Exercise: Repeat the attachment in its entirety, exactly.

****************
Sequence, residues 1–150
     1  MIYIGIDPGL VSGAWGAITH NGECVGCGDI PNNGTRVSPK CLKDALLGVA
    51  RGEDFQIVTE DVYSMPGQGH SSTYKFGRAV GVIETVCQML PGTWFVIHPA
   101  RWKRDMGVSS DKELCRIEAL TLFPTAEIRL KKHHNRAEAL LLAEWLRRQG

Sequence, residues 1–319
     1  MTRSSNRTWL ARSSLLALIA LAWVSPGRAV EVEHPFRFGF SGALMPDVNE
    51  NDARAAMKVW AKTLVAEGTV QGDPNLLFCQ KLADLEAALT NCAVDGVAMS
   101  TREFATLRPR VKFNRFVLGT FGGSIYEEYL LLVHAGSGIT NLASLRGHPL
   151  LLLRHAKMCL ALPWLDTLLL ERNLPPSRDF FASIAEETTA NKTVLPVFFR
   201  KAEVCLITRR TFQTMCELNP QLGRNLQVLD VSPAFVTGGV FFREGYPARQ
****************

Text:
Sequence, residues 1–150
     1  MIYIGIDPGL VSGAWGAITH NGECVGCGDI PNNGTRVSPK CLKDALLGVA
    51  RGEDFQIVTE DVYSMPGQGH SSTYKFGRAV GVIETVCQML PGTWFVIHPA
   101  RWKRDMGVSS DKELCRIEAL TLFPTAEIRL KKHHNRAEAL LLAEWLRRQG

Sequence, residues 1–319
     1  MTRSSNRTWL ARSSLLALIA LAWVSPGRAV EVEHPFRFGF SGALMPDVNE
    51  NDARAAMKVW AKTLVAEGTV QGDPNLLFCQ KLADLEAALT NCAVDGVAMS
   101  TREFATLRPR VKFNRFVLGT FGGSIYEEYL LLVHAGSGIT NLASLRGHPL
   151  LLLRHAKMCL ALPWLDTLLL ERNLPPSRDF FASIAEETTA NKTVLPVFFR
   201  KAEVCLITRR TFQTMCELNP QLGRNLQVLD VSPAFVTGGV FFREGYPARQ